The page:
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  5. "Proszę mamę o nową komórkę."

"Proszę mamę o nową komórkę."

Translation:I am asking my mom for a new cellphone.

February 18, 2016



I don't understand why "I'm asking mum for a new mobile phone" isn't accepted. In both cases - the English and the Polish - you don't need to say MY mum as it's implied that she's your mum.


Maybe because you wrote "mum" and not "mom"?


This is dependent on the dialect, there are many versions. "mum" is accepted as well.


why MY mom istead of the mom?


In Polish it is implied that the mom is the subject's mom.


no, it's not? saying that as a native speaker with 40+ years of experience...


Well, then share some examples to the contrary!

Anyway, it's true that there is nothing in the Polish language itself that implies which mother is implied, it's all in the context. But I feel that Polish speakers use "my mom" less often than English (especially if it's an object in the sentence) and let the the listener figure it out themselves.


Shouldn't it be "about" instead of for?


Do not get to atteched to translation of prepositions. Especially when English ask for and ask about are different Polish verbs. Ask for is prosić (o+ accusative), Ask about is pytać (o + accusative)


Fair enough, thanks!


Can prosze also mean begging? Not used here just the meaning of the word.


begging=błagać literally


look up "phrasal verbs" in English. it is not "only" a preposition.


I would prefer 'mother' instead of 'mom' favouring written English.


Given the fact that "matka" is really quite formal (while 'mother' is more formal than 'mom', but still pretty neutral), we want the default English translations to be "mom" for "mama" and "mother" for "matka".

"mother" is still accepted, of course. Actually it's a choice of Duolingo programmers to accept it automatically whenever "mom" is accepted.


Szukaj pracy i placz sobie!


Why "I ask my mom for a new cellphone" is not accepted?


Can this not be "I ask mum/mom for a new cellphone"? If "proszę" has to be translated continuously ("I am asking"), why so?


It doesn't have to be continuous, your version is accepted.


Can we use celownik with "mama" here instead of biernik?


No, 'prosić' takes biernik.


UK English it would not be cell phone but mobile, phone or mobile phone


The accepted answers are: [cellphone/cell phone/mobile phone/cell/cellular phone/cellular/phone/mobile/mobile telephone].


Lol, "коморка/komorka" in Russian is like a very small house/apartment.


in Polish also (komora,komórka=chamber western regions "kamera" and kamera means camera), and additionally biological meaning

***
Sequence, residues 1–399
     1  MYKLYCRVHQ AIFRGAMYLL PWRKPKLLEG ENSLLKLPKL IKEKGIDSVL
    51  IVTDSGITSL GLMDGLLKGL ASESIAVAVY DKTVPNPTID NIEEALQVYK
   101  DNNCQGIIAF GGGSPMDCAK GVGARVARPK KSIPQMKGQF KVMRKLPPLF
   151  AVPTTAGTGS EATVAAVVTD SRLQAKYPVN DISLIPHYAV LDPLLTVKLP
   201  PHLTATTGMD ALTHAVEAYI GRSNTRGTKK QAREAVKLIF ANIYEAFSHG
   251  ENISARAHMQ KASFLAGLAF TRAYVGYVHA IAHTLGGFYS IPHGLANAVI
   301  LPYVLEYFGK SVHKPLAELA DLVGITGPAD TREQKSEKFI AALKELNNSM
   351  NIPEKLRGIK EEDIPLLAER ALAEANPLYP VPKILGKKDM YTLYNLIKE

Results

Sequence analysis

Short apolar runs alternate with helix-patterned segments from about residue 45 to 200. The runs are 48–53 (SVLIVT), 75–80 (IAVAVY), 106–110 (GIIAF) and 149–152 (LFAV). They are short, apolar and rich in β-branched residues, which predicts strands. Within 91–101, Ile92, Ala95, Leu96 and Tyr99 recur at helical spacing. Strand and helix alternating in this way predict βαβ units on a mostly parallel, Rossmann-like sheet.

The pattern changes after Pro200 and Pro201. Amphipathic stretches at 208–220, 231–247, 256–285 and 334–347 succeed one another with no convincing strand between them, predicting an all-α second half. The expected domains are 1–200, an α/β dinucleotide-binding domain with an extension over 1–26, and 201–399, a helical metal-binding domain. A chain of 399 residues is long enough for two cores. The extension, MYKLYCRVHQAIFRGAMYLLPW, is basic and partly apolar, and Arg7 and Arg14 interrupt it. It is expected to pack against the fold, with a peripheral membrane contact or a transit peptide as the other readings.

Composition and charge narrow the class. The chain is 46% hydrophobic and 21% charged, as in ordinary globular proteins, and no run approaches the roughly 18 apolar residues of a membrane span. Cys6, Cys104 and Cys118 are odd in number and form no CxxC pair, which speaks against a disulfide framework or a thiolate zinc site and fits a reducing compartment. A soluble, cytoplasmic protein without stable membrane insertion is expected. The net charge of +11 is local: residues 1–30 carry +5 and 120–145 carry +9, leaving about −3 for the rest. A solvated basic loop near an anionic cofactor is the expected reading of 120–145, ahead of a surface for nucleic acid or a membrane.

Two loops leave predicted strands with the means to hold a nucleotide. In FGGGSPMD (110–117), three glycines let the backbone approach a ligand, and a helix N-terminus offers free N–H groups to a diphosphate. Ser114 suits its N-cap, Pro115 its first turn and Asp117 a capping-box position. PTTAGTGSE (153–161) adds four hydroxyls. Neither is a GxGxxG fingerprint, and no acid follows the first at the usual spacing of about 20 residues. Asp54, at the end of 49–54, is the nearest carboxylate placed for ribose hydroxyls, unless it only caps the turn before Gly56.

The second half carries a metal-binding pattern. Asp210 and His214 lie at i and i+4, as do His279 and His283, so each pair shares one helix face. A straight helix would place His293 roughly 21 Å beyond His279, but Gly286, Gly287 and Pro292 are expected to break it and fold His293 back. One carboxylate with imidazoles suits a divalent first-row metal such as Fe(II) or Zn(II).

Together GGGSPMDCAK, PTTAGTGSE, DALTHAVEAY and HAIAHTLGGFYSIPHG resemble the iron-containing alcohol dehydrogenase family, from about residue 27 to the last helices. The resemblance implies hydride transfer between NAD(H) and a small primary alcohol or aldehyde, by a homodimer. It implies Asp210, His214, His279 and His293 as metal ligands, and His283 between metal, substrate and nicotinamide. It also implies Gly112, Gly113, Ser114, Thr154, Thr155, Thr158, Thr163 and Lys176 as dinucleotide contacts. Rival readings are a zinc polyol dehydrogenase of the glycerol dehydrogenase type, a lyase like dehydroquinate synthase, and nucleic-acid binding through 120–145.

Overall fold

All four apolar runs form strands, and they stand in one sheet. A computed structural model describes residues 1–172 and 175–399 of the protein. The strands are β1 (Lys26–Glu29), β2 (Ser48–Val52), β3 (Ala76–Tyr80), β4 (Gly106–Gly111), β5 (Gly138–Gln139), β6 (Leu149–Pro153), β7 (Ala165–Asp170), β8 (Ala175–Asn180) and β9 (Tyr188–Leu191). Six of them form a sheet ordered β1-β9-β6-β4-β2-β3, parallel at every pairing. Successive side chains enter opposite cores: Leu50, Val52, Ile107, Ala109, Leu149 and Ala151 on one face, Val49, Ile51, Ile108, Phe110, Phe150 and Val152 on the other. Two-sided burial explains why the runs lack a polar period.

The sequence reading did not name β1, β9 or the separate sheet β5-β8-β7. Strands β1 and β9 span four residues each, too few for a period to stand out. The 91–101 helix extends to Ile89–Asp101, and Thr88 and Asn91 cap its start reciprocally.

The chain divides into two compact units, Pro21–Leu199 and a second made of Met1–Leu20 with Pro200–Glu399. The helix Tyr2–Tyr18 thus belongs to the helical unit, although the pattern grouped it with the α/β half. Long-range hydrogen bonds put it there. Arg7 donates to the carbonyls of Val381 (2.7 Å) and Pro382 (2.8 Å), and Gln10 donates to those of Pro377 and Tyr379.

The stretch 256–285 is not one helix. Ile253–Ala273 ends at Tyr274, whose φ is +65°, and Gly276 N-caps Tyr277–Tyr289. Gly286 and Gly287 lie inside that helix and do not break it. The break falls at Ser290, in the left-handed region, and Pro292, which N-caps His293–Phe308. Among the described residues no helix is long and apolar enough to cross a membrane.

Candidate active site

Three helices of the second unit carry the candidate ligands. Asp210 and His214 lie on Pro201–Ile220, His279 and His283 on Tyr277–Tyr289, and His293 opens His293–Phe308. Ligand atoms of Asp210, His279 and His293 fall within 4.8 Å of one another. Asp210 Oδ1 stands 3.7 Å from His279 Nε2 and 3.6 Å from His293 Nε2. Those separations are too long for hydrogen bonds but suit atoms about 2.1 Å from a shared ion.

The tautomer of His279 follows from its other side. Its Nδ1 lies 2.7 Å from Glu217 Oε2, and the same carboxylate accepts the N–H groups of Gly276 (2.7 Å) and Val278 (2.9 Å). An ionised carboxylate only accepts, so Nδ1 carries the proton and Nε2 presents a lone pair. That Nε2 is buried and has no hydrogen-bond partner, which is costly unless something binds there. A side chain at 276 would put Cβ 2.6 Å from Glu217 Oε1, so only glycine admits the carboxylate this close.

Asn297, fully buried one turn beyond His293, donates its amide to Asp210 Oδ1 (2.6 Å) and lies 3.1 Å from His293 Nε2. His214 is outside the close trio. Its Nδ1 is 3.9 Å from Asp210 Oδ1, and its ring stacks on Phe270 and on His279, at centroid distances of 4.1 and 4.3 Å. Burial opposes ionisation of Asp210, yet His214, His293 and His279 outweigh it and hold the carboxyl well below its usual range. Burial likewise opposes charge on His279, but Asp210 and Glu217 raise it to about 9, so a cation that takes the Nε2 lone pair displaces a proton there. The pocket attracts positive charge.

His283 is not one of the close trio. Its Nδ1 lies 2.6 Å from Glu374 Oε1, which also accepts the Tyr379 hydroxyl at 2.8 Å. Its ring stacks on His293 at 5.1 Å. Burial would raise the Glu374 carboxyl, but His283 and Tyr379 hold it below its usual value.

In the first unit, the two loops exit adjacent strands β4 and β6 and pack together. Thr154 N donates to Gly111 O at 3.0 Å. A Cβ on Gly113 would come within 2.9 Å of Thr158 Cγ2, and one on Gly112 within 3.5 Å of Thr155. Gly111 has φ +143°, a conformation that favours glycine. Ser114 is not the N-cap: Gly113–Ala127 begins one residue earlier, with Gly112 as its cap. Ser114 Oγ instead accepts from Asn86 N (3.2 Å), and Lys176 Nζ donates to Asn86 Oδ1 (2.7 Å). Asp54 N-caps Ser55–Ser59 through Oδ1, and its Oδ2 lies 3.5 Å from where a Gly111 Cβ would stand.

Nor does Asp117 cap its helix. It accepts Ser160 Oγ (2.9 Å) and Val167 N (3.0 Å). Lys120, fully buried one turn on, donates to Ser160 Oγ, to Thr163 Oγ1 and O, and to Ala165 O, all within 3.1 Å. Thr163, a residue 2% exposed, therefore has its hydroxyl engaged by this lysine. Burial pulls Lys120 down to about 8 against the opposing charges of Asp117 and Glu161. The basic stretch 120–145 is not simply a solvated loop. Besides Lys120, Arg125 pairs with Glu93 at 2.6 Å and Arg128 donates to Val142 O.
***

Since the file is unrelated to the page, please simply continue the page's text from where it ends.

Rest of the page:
Nie fair jest proszę mamę o nową komórkę a piszą ,,My mom"


Angielski używa zaimków dzierżawczych (mój, twój, etc.) o wiele, wiele częściej niż polski, niemalże zawsze. W sumie słowa takie jak "mom", "dad", "grandpa" czy "grandma" to mogą być niemalże jedyne wyjątki, gdzie nie jest to totalnie obowiązkowe. Można tutaj odpowiedzieć "mom".


Is 'komórkę' here in Accusative case? If yes, does the verb 'prosić' always takes a noun in Accusative?


Yes. It's "prosić o" + Accusative.


the verb prosic needs the preposition "o"??


Well, it's not that surprising, actually, as the English sentence also requires 'for'. Of course, you could also say something like Proszę cię, powiedz coś (please, say something), but now there's no 'for' in English either.


I am a native Spanish speaker and in Spanish we don't use any preposition with the verb "ask for". That's why sounded weird to me, I Guess.


Ah, I see. Grammatically, you definitely need a way to distinguish between the person who is being asked and the thing you're asking for. I can see how 'proszę coś' might seem logical, but the accusative is already used for the mother, so you either need a different case for 'komórka' or a preposition. Well, and Polish chose the preposition to tell them apart.

If I'm not mistaken, it would be "Le pido a mi madre un móvil" in Spanish, where the recipient of the request is distinguished by the preposition 'a', whereas the object (móvil) doesn't need one anymore. So, it's the other way round here.


Yes! You're right, but in Spanish is like that because the accusative that refers to persons and animals needs the preposition "a". That´s why I say "Yo amo los libros" (I love the books) and "Yo amo a mi madre" (I love my mother). Interesting, right?


Does it bare mentioning that prosić is kind of formal or begging? Something like 'pretty please' or kindly requesting. Since it come from the word 'prosza'. Like when offering food your host would hand it to you and say 'proszę' or, if you open a door for someone they might say 'Dziękuję' and you would reply 'proszę bardzo'


This is really a neutral word. This is the most common way to say that somebody is requesting something from somebody.


I don’t think there’s another word for “asking” in Polish

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